Freedom, honor and hope are words to describe the driving force of a serviceman. World War II veteran, Arthur Rudolph Dominguez came from humble beginnings, but led the life of a solider, a father and a man of many stories.
Walking into the Dave Ward Hospice in Conway, there was an energy, a slight feeling of nostalgia and pride. Dominguez, diagnosed with Non Hodgkins Lymphoma and dementia looked nothing akin to the many who find themselves in this environment. Full of life and honor, Dominguez relayed his story.
“I always wanted to join the service, but I was always told that I was, ‘too young, too short, too weak,’” said Dominguez.
Raised by his aunt since six days old, he fell into some reckless behavior that then landed him a probation officer who eventually supported his military curiosity.
“Well, I was 15 at the time, and you had to be 17 to get into the Navy. My probation officer told me to we could get a church birth certificate because those are handwritten and we could change the date,” said Dominguez, “A bottle of Purex and a steady hand made me age two years,” he said with a grin.
Dominguez explained that after Pearl Harbor all of the young men were “Gung Ho” to enter the war effort. Some were drafted and others joined simply to fight for their country.
Following the bombs dropping on Hiroshima and Nagasaki, President Harry S. Truman wanted to test two new atomic bombs. In 1945, aboard the communication ship The U.S.S Appalachian; two atomic bombs were tested in separate ways. The first, on June 4, was to be dropped on the U.S.S Missouri, and the second, on July 3, was detonated under water.
“I was seven miles away from the first bomb and three from the second. We didn’t know anything about radiation at the time, it was just a show,” said Dominguez.
Following the detonation of the second bomb, 500 men “got a beer buzz and swam in the lagoon,” said Dominguez, “we didn’t know that the water was radioactive.”
Dominguez explained that after swimming and enjoying the day many men were showing signs of heart murmurs and high fever.
“I was in the sick bay for over two weeks,” said Dominguez.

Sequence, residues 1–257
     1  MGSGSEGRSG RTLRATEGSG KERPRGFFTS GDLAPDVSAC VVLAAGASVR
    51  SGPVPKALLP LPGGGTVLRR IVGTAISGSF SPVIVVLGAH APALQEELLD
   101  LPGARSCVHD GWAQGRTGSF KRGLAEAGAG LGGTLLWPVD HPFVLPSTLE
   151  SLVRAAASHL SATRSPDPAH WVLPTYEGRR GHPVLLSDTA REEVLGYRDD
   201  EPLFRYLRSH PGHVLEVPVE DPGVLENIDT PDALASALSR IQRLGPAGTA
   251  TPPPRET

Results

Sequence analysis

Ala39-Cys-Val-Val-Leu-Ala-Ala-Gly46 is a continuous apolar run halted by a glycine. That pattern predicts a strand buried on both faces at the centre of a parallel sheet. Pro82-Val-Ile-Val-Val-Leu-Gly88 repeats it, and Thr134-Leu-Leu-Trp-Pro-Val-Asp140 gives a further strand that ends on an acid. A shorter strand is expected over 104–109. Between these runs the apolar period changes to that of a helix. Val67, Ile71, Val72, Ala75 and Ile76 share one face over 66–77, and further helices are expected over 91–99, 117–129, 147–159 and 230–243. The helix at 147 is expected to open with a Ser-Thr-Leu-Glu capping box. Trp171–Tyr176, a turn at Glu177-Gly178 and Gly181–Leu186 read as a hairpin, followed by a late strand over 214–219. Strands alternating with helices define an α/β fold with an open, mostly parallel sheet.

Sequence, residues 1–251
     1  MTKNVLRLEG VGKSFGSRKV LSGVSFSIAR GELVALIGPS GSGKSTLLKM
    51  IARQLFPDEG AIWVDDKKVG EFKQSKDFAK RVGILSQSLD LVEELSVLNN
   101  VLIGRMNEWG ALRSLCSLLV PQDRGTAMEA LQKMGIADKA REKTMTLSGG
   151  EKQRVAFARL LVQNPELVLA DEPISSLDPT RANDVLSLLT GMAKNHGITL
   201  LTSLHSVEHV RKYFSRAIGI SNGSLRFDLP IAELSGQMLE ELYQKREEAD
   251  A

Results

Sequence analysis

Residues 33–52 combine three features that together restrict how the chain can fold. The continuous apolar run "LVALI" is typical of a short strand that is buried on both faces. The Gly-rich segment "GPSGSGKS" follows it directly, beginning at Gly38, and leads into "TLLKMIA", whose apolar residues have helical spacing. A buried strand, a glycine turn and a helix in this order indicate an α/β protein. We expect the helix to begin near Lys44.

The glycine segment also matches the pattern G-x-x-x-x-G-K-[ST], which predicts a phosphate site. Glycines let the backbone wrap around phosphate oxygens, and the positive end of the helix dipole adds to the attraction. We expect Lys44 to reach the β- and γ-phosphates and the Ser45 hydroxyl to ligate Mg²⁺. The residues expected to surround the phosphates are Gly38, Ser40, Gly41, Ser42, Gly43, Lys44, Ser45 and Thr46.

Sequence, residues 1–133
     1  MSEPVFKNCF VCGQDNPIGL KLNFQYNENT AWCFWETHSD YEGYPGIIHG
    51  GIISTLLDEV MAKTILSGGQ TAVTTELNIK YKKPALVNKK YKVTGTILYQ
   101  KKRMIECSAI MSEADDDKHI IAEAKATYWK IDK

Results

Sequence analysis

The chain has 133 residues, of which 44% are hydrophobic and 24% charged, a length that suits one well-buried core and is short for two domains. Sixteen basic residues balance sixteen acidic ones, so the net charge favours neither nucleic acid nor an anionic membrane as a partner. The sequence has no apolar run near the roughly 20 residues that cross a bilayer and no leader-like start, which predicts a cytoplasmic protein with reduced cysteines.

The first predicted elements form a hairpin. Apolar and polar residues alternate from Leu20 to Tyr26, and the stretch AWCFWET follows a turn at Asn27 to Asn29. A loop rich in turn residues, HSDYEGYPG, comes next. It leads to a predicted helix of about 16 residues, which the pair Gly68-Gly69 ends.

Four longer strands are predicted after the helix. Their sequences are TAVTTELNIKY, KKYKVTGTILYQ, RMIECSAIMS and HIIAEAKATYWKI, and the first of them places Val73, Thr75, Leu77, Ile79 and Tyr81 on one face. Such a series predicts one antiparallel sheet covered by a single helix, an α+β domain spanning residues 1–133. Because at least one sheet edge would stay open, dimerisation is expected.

Following his time off the cost of the Hawaii, Dominguez decided to leave the service.
“There was a lot of encouragement to leave,” said Dominguez, “They offered the whole ball of wax. At the time they would pay for your education and get a discharge bonus of $150, then when you were married you’d get $50 reimbursement each month.”
Dominguez continued to explain that the G.I. Bill, or the Servicemen’s Readjustment Act passed in 1944, offered Veterans of WWII a way to start a new life following their brave service.
“Thanks to the G.I. Bill, I went to college and got a degree in business and then I continued my life. I had three boys; the oldest is now 65 and is a CEO in a California firm,” said Dominguez.
Dawning his hat with an embroidered duck, Dominguez explained, “Do you see that duck? It’s called a ‘Ruptured Duck.’ It’s the symbol of a WWII Veteran,” said Dominguez. With pride on his face and freedom in his heart, he looked deep into the eye of the Ruptured Duck, a reminder of his service and his commitment to this great nation.
Dominguez was honored by the Faulkner County Health Department Hospice. “We Honor Veterans,” said Glenda Luter. The certificate presented to Dominguez was one of 20 to be given out to Arkansas hospice veterans and was given by Hospice Volunteer, Ed McNutt and Hospice Social Worker, Marysue McNutt.
For more information on volunteer opportunities at the Arkansas Department of Health Hospice contact Glenda Luter at firstname.lastname@example.org or 479.968.4177 ext. 140